Maya Fiennes in June 2008 article of the Sunday Telegraph.
From the life-affirming yoga to the mini banana cakes - an escape to Antigua's Carlisle Bay puts Melissa Crowther in a heavenly state of mind.
I wouldn't normally be leaping out of bed at 7am on a weekday morning for an hour of contortion. Especially when I'm on holiday. But this is paradise, and a yoga class on the jetty beside a beach the consistency of desicated coconut, in the most peaceful bay in the West Indies, is pure bliss.
Bliss, that is, until it comes to an exercise for which we have to hold out our arms in front of us, at shoulder height, for seven whole minutes. No flagging.
Had there been a clock nearby (not that you need to know the time in the Caribbean), it would have counted down every second very loudly and very deliberately, as the sweat pricked my forehead. But I made it, and felt elated.
Combined with chanting, the exercise is designed as a way of reaching a meditative, trance-like state. Whether you achieve it or not, it's extremely rewarding, and doesn't half justify having the works for breakfast - extra-sweet locally grown Black pineapple, freshly baked mini banana cakes and streaky bacon that only five-star hotels seem able to get right - before spending the rest of the day on a sunbed.
Prostrate on a sunbed is normally how I can be found if I'm anywhere as warm, tropical and laid-back as Antgiua. But, here at the super-pampering Carlisle Bay, I'm on an Escape Week wellbeing retreat, and the yoga classes are all part of the restorative experience.
And these are no ordinary yoga classes. Guiding us through the positions and endurance/elation excercises each day is the bubbly London-based Macedonian-born Maya Fiennes. A concert pianist by training, she combines her musical talents with her full-of-beans style of teaching, using her own recordings - which blend modern beats, her own sultry vocals and spoken mantras - to uplifting effect.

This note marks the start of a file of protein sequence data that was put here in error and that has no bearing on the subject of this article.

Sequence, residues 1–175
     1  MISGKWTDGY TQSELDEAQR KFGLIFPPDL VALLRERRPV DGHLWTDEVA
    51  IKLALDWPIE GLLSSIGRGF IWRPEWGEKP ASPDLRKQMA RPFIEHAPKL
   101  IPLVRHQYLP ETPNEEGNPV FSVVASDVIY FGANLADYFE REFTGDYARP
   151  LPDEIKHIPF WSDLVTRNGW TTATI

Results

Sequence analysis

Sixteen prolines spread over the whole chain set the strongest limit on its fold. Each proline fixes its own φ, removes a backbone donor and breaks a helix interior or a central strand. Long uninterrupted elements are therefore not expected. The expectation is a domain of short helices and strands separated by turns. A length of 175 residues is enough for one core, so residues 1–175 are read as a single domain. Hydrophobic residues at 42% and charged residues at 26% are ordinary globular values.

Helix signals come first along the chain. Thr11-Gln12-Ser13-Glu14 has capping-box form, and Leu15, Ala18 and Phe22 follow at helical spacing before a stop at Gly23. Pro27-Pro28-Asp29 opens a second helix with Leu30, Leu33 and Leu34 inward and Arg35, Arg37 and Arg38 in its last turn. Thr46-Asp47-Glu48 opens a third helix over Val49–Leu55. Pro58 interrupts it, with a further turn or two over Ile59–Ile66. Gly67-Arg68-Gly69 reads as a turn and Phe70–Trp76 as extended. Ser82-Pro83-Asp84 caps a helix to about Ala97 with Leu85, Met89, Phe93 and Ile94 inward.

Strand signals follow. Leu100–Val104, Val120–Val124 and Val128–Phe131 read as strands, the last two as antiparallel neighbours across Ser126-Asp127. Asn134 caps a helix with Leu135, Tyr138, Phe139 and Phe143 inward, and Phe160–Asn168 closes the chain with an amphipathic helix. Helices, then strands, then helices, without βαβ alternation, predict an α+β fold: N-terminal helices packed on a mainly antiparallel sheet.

Maya bases her instruction on Kundalini yoga, which involves breathing rhythms, poses, chants and meditation to tap into your chakras and release your inner energy.
Introduced to the West by Yogi Bhajan in the Sixties, it's a technique she describes as "mind-body-workout". With many of my fellow retreaters - from stressed-out businessmen to mothers and daughters - also beginners, we all really benefit from its invigorating, inspiring nature. I'd be surprised if anyone failed to take up yoga on their return home after this.
Returning home, however, is far from our minds - there's plenty more to enjoy on our Escape. Apart from a yoga session each day, the holiday package includes three spa treatments in the cool, minimalist Blue Spa, a great place to retreat to in the heat of the afternoon. Here you can soothe your sun-saturated skin with a Renew Rose Radiance Facial, or ease the after-effects of those endurance exercises with the hour-long signature Well Being Massage.
If, though, you prefer to stick to the more active side of things, you're also entitled to evening tennis clinics at the hotel's impressive complex of nine courts.
And it's well worth claiming your complimentary activity. We opted for a snorkelling trip, followed by a picnic on the beach. Our guides for the day, Prince and Garfield, took us to nearby Cades Reef to wonder at life beneath the slightly choppy water, before guiding us further west round the coast for the perfect Caribbean Sea swim at locals' favourite Ffryes Beach.
But you don't even have to venture from your beach-fronted, up-to-the-minute suite to admire the landscape and local wildlife.
You can watch heron fishing in the mangrove behind the resort as you soak in the bath. Tiny birds join you, whether you like it or not, as you take afternoon tea on the day bed on your balcony. And, on a clear day, all you have to do is lift your head from your Frette pillowcase to see the volcanic island of Montserrat. At night, you can listen to the tropical frogsong chorus on your way to a candlelit dinner on the beach.
But nothing beats that bay. Jaw-droppingly idyllic and so utterly peaceful, it is just the place for finding inner calm - even if you do have to start at seven in the morning.